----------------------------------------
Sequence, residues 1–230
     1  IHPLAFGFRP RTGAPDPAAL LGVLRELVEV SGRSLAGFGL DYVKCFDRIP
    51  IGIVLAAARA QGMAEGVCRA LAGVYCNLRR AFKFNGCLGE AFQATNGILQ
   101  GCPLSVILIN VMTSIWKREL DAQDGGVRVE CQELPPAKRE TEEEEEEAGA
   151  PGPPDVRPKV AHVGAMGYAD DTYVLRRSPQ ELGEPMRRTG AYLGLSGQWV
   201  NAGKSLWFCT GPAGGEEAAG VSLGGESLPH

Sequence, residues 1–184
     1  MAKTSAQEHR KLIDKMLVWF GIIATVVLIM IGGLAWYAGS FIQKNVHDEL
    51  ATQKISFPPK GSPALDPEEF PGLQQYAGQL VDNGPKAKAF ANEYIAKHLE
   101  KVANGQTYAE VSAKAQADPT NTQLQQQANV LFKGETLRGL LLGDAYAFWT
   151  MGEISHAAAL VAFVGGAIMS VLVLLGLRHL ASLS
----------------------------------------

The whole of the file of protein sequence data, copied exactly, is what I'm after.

Sequence, residues 1–230
     1  IHPLAFGFRP RTGAPDPAAL LGVLRELVEV SGRSLAGFGL DYVKCFDRIP
    51  IGIVLAAARA QGMAEGVCRA LAGVYCNLRR AFKFNGCLGE AFQATNGILQ
   101  GCPLSVILIN VMTSIWKREL DAQDGGVRVE CQELPPAKRE TEEEEEEAGA
   151  PGPPDVRPKV AHVGAMGYAD DTYVLRRSPQ ELGEPMRRTG AYLGLSGQWV
   201  NAGKSLWFCT GPAGGEEAAG VSLGGESLPH

Sequence, residues 1–184
     1  MAKTSAQEHR KLIDKMLVWF GIIATVVLIM IGGLAWYAGS FIQKNVHDEL
    51  ATQKISFPPK GSPALDPEEF PGLQQYAGQL VDNGPKAKAF ANEYIAKHLE
   101  KVANGQTYAE VSAKAQADPT NTQLQQQANV LFKGETLRGL LLGDAYAFWT
   151  MGEISHAAAL VAFVGGAIMS VLVLLGLRHL ASLS